What's the point of tax loss selling?

Managing taxes can help your bottom line as much as good investment selection. Tax-loss selling, also known as loss harvesting, is an example of a simple strategy that can save taxes for those investing using taxable accounts. Here's an overview of how it works and why it's worth the bother.

Let's start by thinking long term. An investor who plans to own stocks and bonds "forever" in a taxable account knows that they'll face many ups and downs in the future. Stocks in particular can be quite volatile, dropping in value by 5%, 10% or more - much more - on the way to eventual gains. That's the case for both individual stocks and entire equity asset classes like US Large-cap stocks, US Small-cap stocks, Foreign Value stocks, etc. If you plan to invest regularly in a mix of stock asset classes, you know you're going to have some loss holdings along the way. It's inevitable.

During those dips, you can sit tight and do nothing and in fact, that can be a perfectly acceptable investment strategy. As a tax strategy though, it could be leaving money on the table. The reason is that the US tax system only acknowledges realized gains and losses, meaning gains and losses that resulted after you actually sold an investment (with some exceptions unimportant to this discussion). If one of your investments falls in value $10,000 during a market dip, nothing appears on your income tax return unless you sell the investment during the dip. And if that investment gains $10,000 it's the same - there's nothing on your tax return unless you sell.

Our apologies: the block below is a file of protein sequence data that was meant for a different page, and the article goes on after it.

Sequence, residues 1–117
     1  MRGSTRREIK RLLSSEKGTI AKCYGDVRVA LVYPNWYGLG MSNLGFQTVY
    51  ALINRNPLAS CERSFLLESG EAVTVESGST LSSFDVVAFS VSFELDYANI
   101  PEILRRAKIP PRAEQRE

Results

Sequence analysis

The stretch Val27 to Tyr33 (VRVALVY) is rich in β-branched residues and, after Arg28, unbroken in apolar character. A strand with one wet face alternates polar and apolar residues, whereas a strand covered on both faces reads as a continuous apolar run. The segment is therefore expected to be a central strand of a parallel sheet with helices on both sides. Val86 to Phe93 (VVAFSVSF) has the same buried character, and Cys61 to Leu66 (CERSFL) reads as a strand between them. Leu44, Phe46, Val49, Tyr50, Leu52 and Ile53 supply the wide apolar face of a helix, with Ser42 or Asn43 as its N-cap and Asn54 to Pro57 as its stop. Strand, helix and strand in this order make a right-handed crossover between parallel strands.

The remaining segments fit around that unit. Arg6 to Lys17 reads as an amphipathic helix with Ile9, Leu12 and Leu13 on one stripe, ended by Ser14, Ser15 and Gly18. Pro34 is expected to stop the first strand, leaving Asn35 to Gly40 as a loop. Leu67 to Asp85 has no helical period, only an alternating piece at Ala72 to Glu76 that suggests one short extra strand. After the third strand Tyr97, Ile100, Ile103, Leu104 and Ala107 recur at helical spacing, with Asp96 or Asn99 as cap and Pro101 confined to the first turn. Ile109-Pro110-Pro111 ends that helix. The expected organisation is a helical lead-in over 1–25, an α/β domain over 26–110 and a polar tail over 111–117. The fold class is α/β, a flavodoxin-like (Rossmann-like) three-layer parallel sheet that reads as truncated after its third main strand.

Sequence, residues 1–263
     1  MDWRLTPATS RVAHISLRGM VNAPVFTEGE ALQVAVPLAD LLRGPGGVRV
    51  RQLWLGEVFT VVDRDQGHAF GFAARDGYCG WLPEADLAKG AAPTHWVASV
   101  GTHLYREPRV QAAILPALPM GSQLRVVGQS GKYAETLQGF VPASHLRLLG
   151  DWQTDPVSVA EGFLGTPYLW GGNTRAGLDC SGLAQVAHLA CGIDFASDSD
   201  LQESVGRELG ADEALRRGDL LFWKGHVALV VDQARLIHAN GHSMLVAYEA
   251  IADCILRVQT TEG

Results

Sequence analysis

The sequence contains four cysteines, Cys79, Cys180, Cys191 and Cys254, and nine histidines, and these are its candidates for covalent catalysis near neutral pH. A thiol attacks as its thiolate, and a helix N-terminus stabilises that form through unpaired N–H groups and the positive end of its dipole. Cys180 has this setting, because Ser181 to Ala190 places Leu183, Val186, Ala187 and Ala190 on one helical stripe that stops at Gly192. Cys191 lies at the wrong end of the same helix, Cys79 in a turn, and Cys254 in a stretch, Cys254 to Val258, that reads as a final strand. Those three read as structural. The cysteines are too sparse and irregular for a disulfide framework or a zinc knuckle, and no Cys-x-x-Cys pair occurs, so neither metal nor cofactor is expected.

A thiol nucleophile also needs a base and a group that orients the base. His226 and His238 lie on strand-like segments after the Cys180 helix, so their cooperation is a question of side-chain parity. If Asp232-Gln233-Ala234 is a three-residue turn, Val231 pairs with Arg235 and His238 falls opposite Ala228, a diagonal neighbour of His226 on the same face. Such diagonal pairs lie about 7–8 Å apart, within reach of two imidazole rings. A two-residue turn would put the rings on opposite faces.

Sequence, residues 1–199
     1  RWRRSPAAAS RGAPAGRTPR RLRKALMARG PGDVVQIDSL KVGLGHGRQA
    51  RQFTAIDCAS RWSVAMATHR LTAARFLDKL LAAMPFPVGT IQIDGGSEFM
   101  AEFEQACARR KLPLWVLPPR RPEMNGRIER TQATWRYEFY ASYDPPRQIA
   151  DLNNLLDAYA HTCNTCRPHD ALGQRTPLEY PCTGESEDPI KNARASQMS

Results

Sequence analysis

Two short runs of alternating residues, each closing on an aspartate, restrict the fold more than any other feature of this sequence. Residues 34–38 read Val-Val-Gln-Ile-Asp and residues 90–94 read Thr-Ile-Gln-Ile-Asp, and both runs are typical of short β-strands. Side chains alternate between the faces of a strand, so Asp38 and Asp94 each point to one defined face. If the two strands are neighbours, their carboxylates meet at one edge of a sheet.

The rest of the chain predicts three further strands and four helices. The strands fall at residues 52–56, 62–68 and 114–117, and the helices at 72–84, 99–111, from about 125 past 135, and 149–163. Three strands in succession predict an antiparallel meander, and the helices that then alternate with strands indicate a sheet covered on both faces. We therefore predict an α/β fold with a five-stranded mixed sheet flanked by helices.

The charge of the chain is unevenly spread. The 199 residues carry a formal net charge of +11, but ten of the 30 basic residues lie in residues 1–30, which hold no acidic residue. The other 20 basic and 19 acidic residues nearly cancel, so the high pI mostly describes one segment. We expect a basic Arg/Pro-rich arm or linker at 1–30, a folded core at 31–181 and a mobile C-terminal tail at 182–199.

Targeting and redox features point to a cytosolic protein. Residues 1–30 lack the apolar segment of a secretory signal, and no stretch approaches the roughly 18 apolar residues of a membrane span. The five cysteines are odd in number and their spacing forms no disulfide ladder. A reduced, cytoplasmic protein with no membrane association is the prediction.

Tax-loss selling means selling losing investments in taxable accounts to realize capital losses that can be listed on your federal income tax return. It means selling during the dips. It doesn't mean getting out of stocks because they fell though. The ideal tax-loss sale is immediately followed by the purchase of an investment that will perform as closely as possible to the one sold. It can't be the same investment, because under tax rules that would prevent you from writing off the loss right away. But you do want to replace it; you aren't selling for investment reasons, you're selling for tax reasons.